While the topics covered so far are developing within the industry, we find there is little discussion about the role that testing has to play in green software development.

In addition to verifying software functionality, testing is where we assure that we meet our non-functional needs. If we treat emissions as a non-functional need, is it an appropriate place to hold ourselves accountable for our software's energy use and emissions?

What constitutes a test pass or fail? There often won’t be a quantifiable number that you can test an emissions pass/fail against, at least not until green software development becomes a much more mature field. But this doesn’t mean we can’t still measure, baseline, and understand the impact of new features and releases on the overall emissions picture.

Detecting Unexpected Changes

Given that we most likely don’t understand what constitutes a pass/fail for emissions, can we baseline an application’s energy use and emissions in test, and then use this baseline to understand the relative change against the baseline of future releases?

To create a good baseline, we would need to measure or model a few things at least, for example:

  • Cloud energy use and emissions (including embodied) using cloud provider tools, or the cloud carbon footprint tool
  • Non-cloud hardware energy use and emissions (including embodied carbon) using watt-hour meters or energy profilers
  • End-user device energy use (and embodied carbon) using a watt-hour meter, an energy profiler, or a SaaS tool such as Greenspector (which runs web pages on real mobile devices and measures energy use). In many cases, this is vital as end-user devices may significantly affect software energy use. Hardware power monitors are typically the most accurate way to measure end-user device energy use; however, they require the disassembly of mobile devices to connect directly to the power source.

The Green Software Foundation has already developed an early version of a specification for measuring software’s carbon intensity - the SCI Specification, as well as some guidance (note, this is still in development).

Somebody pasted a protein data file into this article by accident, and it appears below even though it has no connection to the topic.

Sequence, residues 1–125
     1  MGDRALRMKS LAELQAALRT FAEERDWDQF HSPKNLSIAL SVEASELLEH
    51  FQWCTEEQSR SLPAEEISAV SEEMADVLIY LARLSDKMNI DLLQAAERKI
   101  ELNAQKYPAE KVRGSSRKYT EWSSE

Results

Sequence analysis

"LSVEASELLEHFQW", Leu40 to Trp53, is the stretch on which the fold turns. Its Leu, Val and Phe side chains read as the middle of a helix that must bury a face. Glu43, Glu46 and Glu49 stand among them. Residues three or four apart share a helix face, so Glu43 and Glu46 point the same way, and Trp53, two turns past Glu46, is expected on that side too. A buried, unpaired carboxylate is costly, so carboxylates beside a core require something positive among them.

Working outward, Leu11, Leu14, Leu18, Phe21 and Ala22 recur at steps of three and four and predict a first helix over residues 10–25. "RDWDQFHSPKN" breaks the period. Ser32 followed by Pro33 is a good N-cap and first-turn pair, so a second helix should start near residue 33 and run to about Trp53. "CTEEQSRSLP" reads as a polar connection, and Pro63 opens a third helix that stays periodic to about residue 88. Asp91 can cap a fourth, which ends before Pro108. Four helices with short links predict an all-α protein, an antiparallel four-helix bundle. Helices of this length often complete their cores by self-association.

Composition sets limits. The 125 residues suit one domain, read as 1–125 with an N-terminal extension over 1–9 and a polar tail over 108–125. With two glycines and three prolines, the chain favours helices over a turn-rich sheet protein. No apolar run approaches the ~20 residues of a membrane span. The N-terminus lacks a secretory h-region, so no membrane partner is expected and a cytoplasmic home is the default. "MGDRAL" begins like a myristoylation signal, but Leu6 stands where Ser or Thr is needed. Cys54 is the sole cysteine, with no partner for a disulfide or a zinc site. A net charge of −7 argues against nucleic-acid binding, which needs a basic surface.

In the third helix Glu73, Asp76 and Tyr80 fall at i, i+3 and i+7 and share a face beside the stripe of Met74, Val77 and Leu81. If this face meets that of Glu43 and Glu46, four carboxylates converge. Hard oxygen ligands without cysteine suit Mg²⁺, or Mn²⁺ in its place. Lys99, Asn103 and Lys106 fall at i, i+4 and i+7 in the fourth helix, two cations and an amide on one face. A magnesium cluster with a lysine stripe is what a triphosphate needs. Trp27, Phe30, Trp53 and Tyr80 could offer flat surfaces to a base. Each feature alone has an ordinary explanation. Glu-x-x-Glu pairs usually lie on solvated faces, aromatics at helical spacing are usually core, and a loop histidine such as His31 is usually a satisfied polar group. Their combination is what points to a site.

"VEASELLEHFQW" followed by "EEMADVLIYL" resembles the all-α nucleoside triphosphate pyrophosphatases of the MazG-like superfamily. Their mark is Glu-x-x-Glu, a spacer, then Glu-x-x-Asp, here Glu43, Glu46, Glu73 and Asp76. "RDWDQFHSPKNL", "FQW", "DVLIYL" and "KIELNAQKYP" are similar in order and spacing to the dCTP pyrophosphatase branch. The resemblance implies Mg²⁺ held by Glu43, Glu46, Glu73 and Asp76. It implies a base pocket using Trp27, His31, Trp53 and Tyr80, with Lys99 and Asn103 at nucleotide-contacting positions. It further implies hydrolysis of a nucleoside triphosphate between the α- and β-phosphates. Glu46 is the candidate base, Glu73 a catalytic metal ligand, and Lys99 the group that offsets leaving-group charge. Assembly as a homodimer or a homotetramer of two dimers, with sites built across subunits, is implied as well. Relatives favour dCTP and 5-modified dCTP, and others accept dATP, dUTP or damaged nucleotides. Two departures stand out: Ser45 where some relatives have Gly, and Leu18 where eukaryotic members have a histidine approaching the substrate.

While the equation is relatively simple, it’s not necessarily easy to calculate the numbers needed, and there is room for plenty of interpretation. The score is designed for benchmarking. As long as it is calculated consistently between releases, it will be sensitive to changes in the carbon intensity of your software caused by green software actions – demonstrating the impact that the changes between each calculation have had.

With a measurement approach and baseline in place, it should be possible to alert to unexpected changes proportional to the baseline as part of the test approach. But this might not be easy to fully automate today, given the currently available tools and need for hardware meters.

Another worthwhile benefit to using the SCI Specification for your internal measurement is the ability to publish your calculation, evidencing both the green credentials of your software today and the impact of improvements you have made in your releases. This could be a powerful way to show potential users that you are making sustainability an essential part of your work.

Change Aware Testing 

In modern Agile development, tests are automated. There are significant test packs at each testing level, and whenever code is changed, the tests are often all run to verify that change. This goes from running unit test packs on a developer machine to running integration and UI tests (among others) during a CI build.

Each of these runs has an energy cost. For large enterprises with many large software solutions, datasets, and test suites, the impact could be significant (in energy, emissions, and time) – it’s certainly not rare for full regression packs to take hours to run.

The ultimate example of this is the testing approach taken by Meta and Google. For example, Google has developed a change-aware testing system for its Test Automation Platform, which carries out more than 150 million daily test runs. Even with Google’s massive compute resources, it was impossible to test code commits individually, and its solution limits test execution based on code changes. As well as widening a bottleneck, this will significantly impact energy use and emissions.

Approaches to change aware testing run from tagging tests to control, which are run depending on the context of code changes (e.g., run all tests that exercise the shopping cart functionality), through to Test Impact Analysis and even Predictive Test Selection at the advanced end of the spectrum.

Pioneered by Microsoft, Test Impact Analysis analyzes the call graph when running tests and uses this analysis to determine which tests to run to exercise future production tests.

Predictive Test Selection uses machine learning to predict which tests to run based on an extensive historical dataset of test outcomes – for example, see this research paper by Meta.

Test Impact Analysis is available in Visual Studio, and you can apply it to Azure Pipelines. Also, there are testing and CD frameworks that support this approach. You could even implement something yourself. Predictive Test Selection is just starting to reach availability in tooling such as Gradle Enterprise.

The next and final blog in this series will look at building greener software through the deployment and review lens, as well as providing some concluding points to the series. Many thanks for reading!